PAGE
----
During Maran’s lifetime, our bookshelves became filled with sefarim of halacha and responsa. Once, the Sephardic yeshiva world was silent. No more. It is a world that has been completely rebuilt, replete with roshei yeshiva, teachers, rabbinical judges and rabbis who are fluent in the rulings of the Shulchan Aruch and the Acharonim. Before Maran, we lacked all this.

Sephardic pride. It is not just an expression; it is an anchor for values and sentiment. For decades, Sephardic Jews were downtrodden and scorned. They did not receive the recognition they deserved. People did not understand the greatness of their own halachic traditions. Maran expertly guided us out of that quagmire. He brought an entire generation of Torah scholars to hold fast to the wisdom of Sephardic Jewry, the wisdom of generations of great scholars who built themselves on the Shulchan Aruch and Rav Yosef Karo.

* * * * *

Today we are confused, bewildered about our future. Our ship has been cast astray and we don’t know where it is headed. Despite this, let us remember how Maran, our leader, always remained confident about the future. He was a born optimist. He knew he was doing the right thing and he always told us to remain on course while seeking to enhance Hashem’s honor.

We are incapable of telling the future. And even though Maran has been taken from us, we must have full faith that Hashem will continue to provide us with the proper leaders. We will continue to follow leaders who will go in the ways of Maran, the spiritual giant who built Sephardic Jewry, placed the crown of Torah on our heads and taught us to love and cherish that Torah.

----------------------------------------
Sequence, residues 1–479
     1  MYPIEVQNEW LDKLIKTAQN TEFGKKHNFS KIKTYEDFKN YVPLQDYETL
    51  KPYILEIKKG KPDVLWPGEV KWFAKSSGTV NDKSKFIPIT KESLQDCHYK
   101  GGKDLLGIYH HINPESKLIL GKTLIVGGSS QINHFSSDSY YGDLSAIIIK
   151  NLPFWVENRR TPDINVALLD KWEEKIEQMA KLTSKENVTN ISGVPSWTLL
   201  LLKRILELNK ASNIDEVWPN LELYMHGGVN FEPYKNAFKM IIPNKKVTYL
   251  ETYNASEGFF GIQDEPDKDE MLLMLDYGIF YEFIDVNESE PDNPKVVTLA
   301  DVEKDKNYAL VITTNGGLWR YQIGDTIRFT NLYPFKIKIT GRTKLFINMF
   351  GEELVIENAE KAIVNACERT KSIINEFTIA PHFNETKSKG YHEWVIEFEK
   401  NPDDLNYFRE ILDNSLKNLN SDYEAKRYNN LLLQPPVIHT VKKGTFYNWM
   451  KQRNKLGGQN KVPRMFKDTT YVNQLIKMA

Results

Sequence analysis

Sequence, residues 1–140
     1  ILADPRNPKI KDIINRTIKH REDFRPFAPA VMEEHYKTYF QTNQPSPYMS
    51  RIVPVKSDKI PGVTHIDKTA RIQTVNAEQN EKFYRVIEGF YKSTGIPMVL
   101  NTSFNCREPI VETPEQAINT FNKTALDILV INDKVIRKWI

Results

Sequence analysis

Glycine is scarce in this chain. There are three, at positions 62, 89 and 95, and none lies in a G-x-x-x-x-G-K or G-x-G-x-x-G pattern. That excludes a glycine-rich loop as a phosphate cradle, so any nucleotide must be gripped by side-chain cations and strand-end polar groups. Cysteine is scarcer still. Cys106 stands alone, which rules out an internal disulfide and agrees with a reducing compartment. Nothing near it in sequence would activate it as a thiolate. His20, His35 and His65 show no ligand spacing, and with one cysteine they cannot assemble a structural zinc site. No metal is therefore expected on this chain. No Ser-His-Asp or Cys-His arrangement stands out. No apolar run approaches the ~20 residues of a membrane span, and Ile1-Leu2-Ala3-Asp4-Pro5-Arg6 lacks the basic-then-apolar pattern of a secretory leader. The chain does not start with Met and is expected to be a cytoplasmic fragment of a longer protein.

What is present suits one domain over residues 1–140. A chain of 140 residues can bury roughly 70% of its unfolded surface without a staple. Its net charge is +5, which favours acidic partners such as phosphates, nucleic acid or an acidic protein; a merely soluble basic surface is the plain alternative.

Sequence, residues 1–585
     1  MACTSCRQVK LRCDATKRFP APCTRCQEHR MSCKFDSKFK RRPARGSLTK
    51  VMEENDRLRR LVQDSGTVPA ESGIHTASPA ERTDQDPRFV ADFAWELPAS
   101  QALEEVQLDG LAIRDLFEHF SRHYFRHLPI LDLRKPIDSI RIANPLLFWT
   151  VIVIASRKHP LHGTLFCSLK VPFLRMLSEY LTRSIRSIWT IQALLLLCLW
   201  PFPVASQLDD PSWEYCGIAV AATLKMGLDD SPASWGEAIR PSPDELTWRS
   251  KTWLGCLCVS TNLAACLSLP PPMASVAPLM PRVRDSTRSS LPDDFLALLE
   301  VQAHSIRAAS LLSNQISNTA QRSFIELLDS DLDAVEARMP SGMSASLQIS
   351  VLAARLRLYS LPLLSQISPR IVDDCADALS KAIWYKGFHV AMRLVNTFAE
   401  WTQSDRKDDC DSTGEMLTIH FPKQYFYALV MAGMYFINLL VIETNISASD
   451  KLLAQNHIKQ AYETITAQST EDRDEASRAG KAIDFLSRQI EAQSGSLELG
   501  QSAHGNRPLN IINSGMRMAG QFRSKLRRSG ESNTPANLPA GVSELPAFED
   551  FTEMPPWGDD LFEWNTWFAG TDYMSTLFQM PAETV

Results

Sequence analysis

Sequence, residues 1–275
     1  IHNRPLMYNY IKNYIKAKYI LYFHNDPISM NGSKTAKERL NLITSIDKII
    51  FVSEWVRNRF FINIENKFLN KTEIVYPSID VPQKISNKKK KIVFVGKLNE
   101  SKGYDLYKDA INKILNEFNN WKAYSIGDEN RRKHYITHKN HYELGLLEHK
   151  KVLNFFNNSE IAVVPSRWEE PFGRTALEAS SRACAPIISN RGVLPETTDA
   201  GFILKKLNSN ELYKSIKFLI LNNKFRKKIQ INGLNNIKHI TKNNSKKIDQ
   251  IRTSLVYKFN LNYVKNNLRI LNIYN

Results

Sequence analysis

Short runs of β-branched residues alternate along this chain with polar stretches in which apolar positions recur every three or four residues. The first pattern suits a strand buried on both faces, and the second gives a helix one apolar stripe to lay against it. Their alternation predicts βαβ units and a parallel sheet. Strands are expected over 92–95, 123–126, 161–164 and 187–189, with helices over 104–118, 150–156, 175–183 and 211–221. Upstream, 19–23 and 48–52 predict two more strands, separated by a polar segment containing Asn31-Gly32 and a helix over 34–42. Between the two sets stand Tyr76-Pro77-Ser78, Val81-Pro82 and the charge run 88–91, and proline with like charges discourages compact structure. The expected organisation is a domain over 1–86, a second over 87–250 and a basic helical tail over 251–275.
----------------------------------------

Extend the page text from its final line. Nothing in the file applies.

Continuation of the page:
We pray that we will continue on the road for the sake of our children and grandchildren until we will be privileged to see our Final Redemption.

Rabbi Ovadia Yosef Hospitalized after Collapsing at Home

Sunday, June 2nd, 2013

Shas spiritual leader and former Sephardi Chief Rabbi Ovadia Yosef collapsed at his Jerusalem home early Sunday evening, lost consciousness for a short while and was rushed to Hadassah Ein Kerem Hospital. He is conscious, but doctors are concerned he may have broken his leg when he fainted.

His condition is stable.

The revered rabbi, one of the most influential rabbis in Israel and in Sephardi  communities around the world, was on his way from his study room to prepare fore the evening Maariv prayers when he fainted and lost consciousness for a short while.

He is suffering from weakness and pains in his leg.

Knesset Member Aryeh Deri, who is the political powerbroker in the Shas party, was by his side on the way to the hospital, along with Rav Yosef’s personal physician, Dr. Yochanan Shtesman.